Shane McClanahan delivers as Rays hang on to beat Mariners

The lefty from USF outduels Cy Young award winner Robbie Ray as Tampa Bay wins its fourth straight.
Rays starting pitcher Shane McClanahan (18) is greeted at the dugout after he was pulled during the sixth inning of Thursday's game against the Mariners in Seattle.
Rays starting pitcher Shane McClanahan (18) is greeted at the dugout after he was pulled during the sixth inning of Thursday's game against the Mariners in Seattle. [ TED S. WARREN | AP ]
Published May 6, 2022|Updated May 6, 2022

SEATTLE — Shane McClanahan and the rest of the Rays saw how good Robbie Ray was last year when he won the Cy Young award pitching for the Blue Jays.

And while there wasn’t much said publicly in advance, McClanahan was eager for the opportunity to face off in a showcase of hard-throwing lefties on Thursday.

Better, he came out on top, as the Rays hung on the beat Ray and the Mariners 4-3 on a chilly night.

“He’s pretty good,” McClanahan said. “I was really looking forward to this matchup. The guy won the Cy Young for a reason. He’s a very good pitcher, a competitor, and he wants it. So it was cool to compete against him (Thursday). Watch him work before the game and everything.”

Catcher Mike Zunino, who had the key hit, a three-run homer in the Rays’ four-run fourth, knew it was a special showdown.

“(McClanahan) didn’t mention it, I don’t think anybody mentioned it,” Zunino said. But I think as competitors, that’s how you see it. You want to go up against the best of the best, and I think he did that and answered the call.”

Not that it was an easy night for the Rays, who saw a 4-0 lead in the fifth keep shrinking before they won their fourth straight to open a 10-game, three-city West Coast swing, all in their navy jerseys, improving to a season-high six games over .500 at 16-10.

Few nights are easy in Seattle, where last year the Rays were swept in a four-game series, blowing leads in each game and losing three on final-pitch walkoffs. That after being winless in four of their previous five visits, going 0-13 in 2016, ‘17, ‘18 and ‘21 combined and 3-0 in 2019.

“(You) try not to let (there be) carryover,” Rays manager Kevin Cash said. “I know what’s taken place but would expect to play a lot of tight ballgames. It’s nice to come out on top of this one.”

McClanahan wasn’t as dominant as in previous outings and said he couldn’t get into a rhythm. But he still was pretty good, taking a no-hitter into the fifth and allowing only three hits while working into the sixth.

He retired the first seven, then yielded two walks in a three-batter span in the third but did not allow a hit until Jesse Winker homered to center on the second pitch of the fifth. He struck out five, with 56 of his 86 pitches for strikes, including eight swings-and-misses.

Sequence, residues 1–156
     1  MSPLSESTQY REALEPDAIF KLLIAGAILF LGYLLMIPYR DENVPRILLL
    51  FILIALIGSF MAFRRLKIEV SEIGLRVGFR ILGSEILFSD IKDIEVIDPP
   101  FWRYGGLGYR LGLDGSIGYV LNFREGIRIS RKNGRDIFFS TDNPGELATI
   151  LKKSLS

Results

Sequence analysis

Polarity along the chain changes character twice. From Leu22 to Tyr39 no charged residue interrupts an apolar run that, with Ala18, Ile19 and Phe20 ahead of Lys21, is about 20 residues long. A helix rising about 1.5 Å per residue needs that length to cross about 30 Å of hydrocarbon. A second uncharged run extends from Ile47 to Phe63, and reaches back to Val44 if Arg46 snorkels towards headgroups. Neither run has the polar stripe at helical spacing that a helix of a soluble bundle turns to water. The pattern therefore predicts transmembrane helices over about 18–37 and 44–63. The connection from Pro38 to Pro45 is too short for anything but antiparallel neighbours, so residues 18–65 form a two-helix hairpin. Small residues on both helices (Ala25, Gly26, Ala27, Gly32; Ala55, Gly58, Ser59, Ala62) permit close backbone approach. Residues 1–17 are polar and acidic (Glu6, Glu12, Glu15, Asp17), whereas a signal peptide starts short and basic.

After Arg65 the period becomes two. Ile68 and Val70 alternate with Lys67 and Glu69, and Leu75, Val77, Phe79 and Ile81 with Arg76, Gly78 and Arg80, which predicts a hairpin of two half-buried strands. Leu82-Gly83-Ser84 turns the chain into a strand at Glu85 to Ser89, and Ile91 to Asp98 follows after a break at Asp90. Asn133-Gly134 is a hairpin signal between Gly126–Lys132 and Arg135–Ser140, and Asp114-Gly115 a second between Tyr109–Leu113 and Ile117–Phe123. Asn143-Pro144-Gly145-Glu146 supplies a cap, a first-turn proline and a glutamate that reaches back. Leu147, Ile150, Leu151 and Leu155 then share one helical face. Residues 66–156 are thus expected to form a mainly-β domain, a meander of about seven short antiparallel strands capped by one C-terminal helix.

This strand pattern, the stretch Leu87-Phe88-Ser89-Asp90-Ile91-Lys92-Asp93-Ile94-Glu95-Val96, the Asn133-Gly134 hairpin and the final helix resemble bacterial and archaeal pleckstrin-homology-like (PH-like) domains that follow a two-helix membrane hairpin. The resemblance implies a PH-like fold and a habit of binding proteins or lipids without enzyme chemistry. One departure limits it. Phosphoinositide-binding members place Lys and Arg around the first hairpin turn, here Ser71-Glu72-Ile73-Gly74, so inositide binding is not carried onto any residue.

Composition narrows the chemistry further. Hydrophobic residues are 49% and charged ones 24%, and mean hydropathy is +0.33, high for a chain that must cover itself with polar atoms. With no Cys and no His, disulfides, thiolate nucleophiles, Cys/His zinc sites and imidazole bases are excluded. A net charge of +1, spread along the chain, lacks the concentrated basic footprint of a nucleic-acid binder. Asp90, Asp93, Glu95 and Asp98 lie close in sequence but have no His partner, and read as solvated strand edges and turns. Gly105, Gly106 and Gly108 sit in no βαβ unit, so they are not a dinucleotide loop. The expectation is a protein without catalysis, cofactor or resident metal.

“I felt good,” McClanahan said. “It was tough for me to get in a rhythm. ... I had to battle (Thursday). That’s a good team, a really good-hitting team. They made it tough. They did their homework. They came out ready.”

In a way, McClanahan may have showed more since he wasn’t at his best.

“I think he was maybe battling himself a little bit more than some of his starts, but I think — as I’ve said before, and I feel like I’m saying it every start — (it’s) his maturation process of him becoming the guy that you want to take the ball every fifth day,” Zunino said.

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“I just think he’s not letting little things get to him. He very well could have, and he’s just turning the page real quick. Filled the strike zone up with all four pitches. The (velocity) was there (Thursday). When he’s throwing three other pitches for strikes, 99-100 (mph) plays even better. So, it’s a tough lineup over there. He did a good job navigating them.”

And Ray, who tormented the Rays repeatedly last year during his stellar season with Toronto, proved fallible after all, allowing four runs in the fourth.

“We finally got to Robbie Ray,” Cash said. “He’s super talented, really, really good, and he had his way with us last year. We had enough to have a crooked number, a big inning.”

Manuel Margot got the Rays started in the fourth by bunting for a hit, stealing second and scoring on Harold Ramirez’s one-out single. Isaac Paredes blooped a single to center, and Ramirez made a good read and headfirst slide into third. Zunino, after fouling off a 3-0 fastball, drove the next one over the leftfield fence.

Though Ray is tough on many, Zunino likes the matchup of late, as it was his fourth homer off the lefty over the last two seasons, matching his most against any pitcher (also, Martin Perez).

He didn’t make it sound easy, though. “(He’s) the same guy,” Zunino said. “He’s got such great stuff. He doesn’t let you breathe much. The fastball is always in. The slider is right under it. You’ve just got to pick a spot and try to hunt it.”

The Rays got good enough relief work from Jason Adam, Colin Poche and Brooks Raley, who earned the save.

The Rays also played some good defense, including Paredes — the prospect acquired from Detroit for Austin Meadows — making a huge play with two on and two out in McClanahan’s messy third.

“I owe those guys a drink or two,” McClanahan said. ”Isaac saved the game.”

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